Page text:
Jacob Rees-Mogg addressed the deeply troubling case. He said that the sadness for Mr Day’s family and the burden that they will carry all their lives is one of unimaginable distress. It is hard in these circumstances to go through the reassurances about the Government taking tackling crime seriously, which of course they do. He acknowledged that this is where general national policy meets the individual circumstance, and it is so important that, in the individual circumstance, the right, appropriate and just sentence is passed.
He said that Parliament gives the power to the courts to do this, and the maximum penalty for manslaughter is a life sentence. Ultimately, however there is the problem with Cristea’s age which meant that he was given a much lighter sentence. But I really think that this should be looked at. It makes no sense why a 16 year old should be treated the same as a 12 year old. Ultimately his sentence should have been far far tougher than it was.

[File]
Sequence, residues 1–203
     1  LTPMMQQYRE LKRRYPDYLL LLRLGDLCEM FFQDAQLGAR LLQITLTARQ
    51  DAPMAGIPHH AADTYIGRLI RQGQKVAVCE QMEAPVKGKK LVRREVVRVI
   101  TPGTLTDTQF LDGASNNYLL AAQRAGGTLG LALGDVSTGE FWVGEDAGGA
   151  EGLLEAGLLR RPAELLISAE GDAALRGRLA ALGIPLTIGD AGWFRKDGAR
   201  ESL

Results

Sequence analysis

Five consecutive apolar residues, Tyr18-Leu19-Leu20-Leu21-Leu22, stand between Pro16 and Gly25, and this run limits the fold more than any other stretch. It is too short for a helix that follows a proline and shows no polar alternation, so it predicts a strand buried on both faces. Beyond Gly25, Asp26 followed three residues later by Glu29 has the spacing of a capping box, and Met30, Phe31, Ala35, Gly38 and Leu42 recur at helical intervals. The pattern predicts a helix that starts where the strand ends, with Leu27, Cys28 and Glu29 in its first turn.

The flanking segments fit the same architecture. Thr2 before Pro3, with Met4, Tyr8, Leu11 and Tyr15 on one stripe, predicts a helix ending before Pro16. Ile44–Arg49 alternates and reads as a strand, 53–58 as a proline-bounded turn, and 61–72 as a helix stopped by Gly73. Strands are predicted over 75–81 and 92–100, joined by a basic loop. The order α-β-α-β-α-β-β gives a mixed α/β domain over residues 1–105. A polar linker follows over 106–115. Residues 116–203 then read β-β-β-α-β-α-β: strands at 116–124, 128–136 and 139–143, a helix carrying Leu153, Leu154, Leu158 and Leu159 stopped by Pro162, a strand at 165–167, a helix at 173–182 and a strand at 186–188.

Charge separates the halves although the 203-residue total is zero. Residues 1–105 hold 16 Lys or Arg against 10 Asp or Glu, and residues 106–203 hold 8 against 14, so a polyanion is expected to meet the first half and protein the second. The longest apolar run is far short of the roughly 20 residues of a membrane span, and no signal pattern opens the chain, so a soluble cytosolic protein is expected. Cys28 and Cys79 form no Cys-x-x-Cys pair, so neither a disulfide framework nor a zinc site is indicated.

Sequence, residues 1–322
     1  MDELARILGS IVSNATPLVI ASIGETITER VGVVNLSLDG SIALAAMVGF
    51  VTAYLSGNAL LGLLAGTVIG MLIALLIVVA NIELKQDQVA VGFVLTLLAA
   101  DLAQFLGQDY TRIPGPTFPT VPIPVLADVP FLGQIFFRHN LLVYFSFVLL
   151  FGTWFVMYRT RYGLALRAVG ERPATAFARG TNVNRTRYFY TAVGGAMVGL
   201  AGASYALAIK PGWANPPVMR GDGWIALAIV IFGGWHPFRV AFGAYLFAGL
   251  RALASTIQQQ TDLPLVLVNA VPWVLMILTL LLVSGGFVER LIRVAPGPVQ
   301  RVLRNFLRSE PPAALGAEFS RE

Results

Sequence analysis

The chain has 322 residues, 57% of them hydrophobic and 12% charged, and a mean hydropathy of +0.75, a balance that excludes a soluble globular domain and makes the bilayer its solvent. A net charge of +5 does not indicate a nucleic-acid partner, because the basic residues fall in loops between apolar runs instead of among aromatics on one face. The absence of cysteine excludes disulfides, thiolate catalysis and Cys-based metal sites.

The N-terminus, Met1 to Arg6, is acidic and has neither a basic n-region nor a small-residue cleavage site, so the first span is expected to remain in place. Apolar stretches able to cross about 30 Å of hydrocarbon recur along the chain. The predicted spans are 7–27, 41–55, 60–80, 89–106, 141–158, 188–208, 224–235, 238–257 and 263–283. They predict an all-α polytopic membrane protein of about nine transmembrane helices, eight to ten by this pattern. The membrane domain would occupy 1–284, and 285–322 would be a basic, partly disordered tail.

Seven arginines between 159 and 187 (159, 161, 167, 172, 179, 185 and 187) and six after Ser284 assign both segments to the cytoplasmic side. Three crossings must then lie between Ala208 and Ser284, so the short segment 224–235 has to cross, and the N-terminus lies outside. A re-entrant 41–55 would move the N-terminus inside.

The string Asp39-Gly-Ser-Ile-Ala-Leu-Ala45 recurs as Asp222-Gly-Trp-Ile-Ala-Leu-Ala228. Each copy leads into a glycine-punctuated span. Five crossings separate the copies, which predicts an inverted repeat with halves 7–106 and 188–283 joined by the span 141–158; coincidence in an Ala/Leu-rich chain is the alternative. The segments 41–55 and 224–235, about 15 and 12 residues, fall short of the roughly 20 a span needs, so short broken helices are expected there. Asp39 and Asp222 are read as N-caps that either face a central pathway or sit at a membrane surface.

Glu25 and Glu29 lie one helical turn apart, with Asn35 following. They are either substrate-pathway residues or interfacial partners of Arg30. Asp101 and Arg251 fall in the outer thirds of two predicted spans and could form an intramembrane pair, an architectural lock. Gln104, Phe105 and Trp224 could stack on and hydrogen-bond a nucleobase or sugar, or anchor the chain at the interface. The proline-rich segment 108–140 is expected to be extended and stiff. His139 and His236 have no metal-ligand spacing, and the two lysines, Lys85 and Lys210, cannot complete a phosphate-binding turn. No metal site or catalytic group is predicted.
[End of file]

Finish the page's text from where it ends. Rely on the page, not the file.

Jacob Rees-Mogg acknowledged that we have independent courts, but it would be wrong to pretend that our courts always get the individual judgments right and so it is therefore quite proper for people to seek redress for the grievances of their constituents and to raise these matters in the House so that the judiciary may know what concern there is when light sentences are passed on people who, by a violent murder, have destroyed the happiness of a family.
I have written to the Attorney General in the hope that he will review the sentence handed down to Andrea Cristea and I will continue to raise the matter in the House to see what can be done to get Justice for Richard’s family.
With the permission of the family of Richard Day, who was killed in Ipswich last year, I have written to the Attorney General asking for a review into the sentence of Andrea Cristea, his killer.
As many of you will know, Richard Day was killed in Ipswich in February 2020 from a punch to the neck followed by kicks. Andrea Cristea was seen laughing over Richard Day’s body and rifling through his pockets for money. The account of the killing detailed in the court is sickening. However, Cristea was only sentenced to 4 years in a young offenders institution. He will be let out of prison automatically after two years and has already served 14 months on remand, meaning that he will be behind bars for only 10 months in total.